When I came to college, it had been years since I was part of a team or group that really had an identity.
I played on some good Little League baseball teams — the highlight of my not-so-memorable athletic career. Of all of my friends growing up, I was the only one not athletic enough to play a sport in high school.
Here at UF, I finally found that sense of friendship again when I joined a fraternity. I believed that was all I needed.
However, I found that I was part of a different, yet equally passionate group on Feb. 21, 2012.
A day earlier, in an infamous incident that any student who is at least a junior-to-be would recall, members of the Unite Party threw away more than 250 copies of the Alligator. They did so because the paper ran a front-page story about Will Muschamp endorsing the Students Party’s vice presidential candidate, who happened to be one of his players.
As a second-semester writer, I hadn’t developed a deep connection to the Alligator yet. I knew I liked my fellow sports writers, and the students in the news department treated me well.
But as one of just a few members of the Greek community on staff, the incident put me in an awkward situation. My employer was suddenly in the middle of a major controversy with the Greek-powered party.
Despite the Alligator endorsing the Unite Party in the spring of 2011, most fraternity and sorority members I have talked to during my time in Gainesville think the paper has a personal agenda against Greek life.
So on the 21st, the reaction from my Greek friends was that the Alligator was out to get them after the front page of the paper had a news story about the trashing, and both the sports and opinions sections ran columns criticizing the Unite Party.
They didn’t seem to grasp that we were simply reporting the news based on the facts.
I had friends who thought the Alligator’s journalistic standards were low enough to fabricate the entire thing, and I constantly found myself in arguments about this.
But I only grew prouder to be a part of a staff that continued to report on a story regardless of how unpopular it made the paper with a powerful segment of the student body — even if I had some uncomfortable conversations with my brothers.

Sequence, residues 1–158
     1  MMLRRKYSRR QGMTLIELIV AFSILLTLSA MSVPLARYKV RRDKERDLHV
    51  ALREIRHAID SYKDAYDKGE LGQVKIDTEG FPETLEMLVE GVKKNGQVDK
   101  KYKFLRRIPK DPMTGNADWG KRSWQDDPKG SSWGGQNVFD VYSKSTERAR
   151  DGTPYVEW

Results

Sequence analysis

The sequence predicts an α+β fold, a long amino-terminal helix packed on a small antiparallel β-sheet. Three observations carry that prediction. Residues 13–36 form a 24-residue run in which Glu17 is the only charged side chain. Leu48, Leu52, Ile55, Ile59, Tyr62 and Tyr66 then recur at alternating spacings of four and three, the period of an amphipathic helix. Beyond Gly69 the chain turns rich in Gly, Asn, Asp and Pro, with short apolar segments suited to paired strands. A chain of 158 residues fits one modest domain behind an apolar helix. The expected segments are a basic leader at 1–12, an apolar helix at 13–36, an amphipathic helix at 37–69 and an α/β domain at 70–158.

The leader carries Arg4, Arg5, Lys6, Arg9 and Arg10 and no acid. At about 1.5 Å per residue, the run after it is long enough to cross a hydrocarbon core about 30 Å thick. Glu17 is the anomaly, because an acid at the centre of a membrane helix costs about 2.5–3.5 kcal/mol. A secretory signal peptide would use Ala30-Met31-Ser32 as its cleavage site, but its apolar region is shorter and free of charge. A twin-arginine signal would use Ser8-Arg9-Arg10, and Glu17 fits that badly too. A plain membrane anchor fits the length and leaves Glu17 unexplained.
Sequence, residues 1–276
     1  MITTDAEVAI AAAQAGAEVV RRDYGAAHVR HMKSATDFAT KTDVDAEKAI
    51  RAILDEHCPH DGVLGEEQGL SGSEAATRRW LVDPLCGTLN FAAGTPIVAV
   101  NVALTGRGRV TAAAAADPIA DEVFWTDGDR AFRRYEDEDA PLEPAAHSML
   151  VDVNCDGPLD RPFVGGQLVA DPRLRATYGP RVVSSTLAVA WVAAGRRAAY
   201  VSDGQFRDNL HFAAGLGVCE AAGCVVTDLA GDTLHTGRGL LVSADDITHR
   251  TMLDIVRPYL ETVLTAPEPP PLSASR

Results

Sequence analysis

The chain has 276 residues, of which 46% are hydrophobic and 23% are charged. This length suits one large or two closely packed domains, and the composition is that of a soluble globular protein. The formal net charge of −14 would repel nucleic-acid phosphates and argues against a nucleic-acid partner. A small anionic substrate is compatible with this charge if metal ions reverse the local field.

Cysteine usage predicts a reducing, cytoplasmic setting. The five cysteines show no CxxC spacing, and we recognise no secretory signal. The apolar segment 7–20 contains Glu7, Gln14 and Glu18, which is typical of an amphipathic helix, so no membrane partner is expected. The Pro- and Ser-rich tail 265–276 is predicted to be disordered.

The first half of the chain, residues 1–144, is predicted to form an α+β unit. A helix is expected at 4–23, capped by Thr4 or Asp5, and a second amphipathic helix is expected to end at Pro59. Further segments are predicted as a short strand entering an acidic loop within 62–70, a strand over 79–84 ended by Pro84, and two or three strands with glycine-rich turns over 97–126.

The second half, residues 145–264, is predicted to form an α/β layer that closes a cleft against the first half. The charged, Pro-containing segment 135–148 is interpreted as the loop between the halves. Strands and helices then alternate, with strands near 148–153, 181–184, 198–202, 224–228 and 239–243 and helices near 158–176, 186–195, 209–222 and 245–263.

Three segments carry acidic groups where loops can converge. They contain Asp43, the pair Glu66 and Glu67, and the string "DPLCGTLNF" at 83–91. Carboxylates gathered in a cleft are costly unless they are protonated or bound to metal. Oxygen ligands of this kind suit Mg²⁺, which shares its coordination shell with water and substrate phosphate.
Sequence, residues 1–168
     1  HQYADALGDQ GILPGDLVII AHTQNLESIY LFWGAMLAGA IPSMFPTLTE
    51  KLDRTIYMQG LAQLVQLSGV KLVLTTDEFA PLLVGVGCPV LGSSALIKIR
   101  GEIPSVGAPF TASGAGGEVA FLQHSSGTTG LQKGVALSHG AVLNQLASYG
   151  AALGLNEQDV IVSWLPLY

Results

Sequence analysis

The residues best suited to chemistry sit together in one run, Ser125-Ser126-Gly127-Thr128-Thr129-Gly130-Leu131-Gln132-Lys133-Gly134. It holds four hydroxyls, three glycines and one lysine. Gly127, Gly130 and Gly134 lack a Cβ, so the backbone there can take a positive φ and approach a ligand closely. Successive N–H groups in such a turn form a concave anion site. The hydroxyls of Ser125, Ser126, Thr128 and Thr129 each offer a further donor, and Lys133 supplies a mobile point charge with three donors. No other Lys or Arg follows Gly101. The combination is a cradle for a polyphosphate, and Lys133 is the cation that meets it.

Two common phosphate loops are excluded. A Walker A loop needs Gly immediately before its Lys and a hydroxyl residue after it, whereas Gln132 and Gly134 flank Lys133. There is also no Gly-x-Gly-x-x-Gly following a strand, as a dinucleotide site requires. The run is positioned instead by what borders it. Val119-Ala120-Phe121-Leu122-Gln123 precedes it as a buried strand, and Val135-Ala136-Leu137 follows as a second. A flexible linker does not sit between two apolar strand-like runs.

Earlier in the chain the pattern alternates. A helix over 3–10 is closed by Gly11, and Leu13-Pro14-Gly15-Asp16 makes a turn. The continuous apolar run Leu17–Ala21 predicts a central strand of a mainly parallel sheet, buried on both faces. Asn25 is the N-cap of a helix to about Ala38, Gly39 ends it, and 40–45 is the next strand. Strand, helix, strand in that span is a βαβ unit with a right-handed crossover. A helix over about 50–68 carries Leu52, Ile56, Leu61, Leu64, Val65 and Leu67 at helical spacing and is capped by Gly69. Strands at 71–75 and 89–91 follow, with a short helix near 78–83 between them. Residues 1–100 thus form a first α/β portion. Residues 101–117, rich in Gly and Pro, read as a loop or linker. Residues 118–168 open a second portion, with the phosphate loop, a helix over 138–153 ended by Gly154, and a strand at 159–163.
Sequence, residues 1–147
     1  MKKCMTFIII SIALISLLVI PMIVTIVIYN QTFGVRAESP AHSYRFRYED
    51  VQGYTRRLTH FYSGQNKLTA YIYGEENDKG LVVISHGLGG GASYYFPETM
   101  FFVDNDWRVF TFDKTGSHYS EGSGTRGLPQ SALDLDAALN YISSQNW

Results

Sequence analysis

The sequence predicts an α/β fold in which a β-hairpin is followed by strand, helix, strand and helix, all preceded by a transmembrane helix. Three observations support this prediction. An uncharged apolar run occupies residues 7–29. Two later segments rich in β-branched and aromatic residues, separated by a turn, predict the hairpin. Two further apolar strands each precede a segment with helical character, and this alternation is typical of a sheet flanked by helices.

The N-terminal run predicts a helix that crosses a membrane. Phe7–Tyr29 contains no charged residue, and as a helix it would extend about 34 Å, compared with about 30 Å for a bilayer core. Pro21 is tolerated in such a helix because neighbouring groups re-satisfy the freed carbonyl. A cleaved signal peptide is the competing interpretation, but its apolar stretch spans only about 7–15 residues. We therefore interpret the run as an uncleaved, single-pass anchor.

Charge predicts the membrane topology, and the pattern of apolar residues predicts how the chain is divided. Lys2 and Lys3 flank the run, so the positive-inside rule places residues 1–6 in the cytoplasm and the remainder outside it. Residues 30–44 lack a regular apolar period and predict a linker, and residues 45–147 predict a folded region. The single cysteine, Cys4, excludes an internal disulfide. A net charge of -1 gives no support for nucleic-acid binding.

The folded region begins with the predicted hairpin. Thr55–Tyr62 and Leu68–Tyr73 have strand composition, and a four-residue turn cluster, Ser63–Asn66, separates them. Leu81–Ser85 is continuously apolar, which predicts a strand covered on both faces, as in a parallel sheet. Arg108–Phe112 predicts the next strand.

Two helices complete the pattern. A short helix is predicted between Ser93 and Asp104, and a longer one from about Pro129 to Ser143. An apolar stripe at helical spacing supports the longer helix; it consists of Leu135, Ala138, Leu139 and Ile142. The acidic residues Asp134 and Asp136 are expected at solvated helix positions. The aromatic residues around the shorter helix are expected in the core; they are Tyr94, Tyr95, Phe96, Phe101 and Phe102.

The staff could have viewed me and other Greek writers as outsiders not fully devoted to objectivity because of our involvement in other organizations. But it was never an issue.
These people take their work too seriously to make up a story about student government just to start a controversy, and that’s what I love about them.
When I describe to others what writing for alligatorSports entails, they can’t get over the fact that objectivity is such a high priority for us. But it’s that same commitment to fairness that every section of the paper displays when it reports on any story.
As I wait for my first post-grad job opportunity and worry whether or not a long-term career in journalism is in my future, I’ll always take comfort in knowing that I was a part of a team at the Alligator that took pride in its work, professionalism and commitment above all else.
So thanks to Adam Berry for recommending that the Fall 2011 sports staff hire me and to Tom Green for taking the recommendation seriously and giving me a shot.
To Watts and Boothe: Thanks for making me a better writer last spring by giving me the toughest constructive criticism I’ve ever had.
And thanks to Greg, Joe and even Pincus for making last football season the best experience I’ve had in college.
Without you guys and the rest of the Alligator staff, I’d probably still be a writer, but a worse one for sure.
And I definitely wouldn’t have had the chance to be a team player.
Contact Josh Jurnovoy at email@example.com.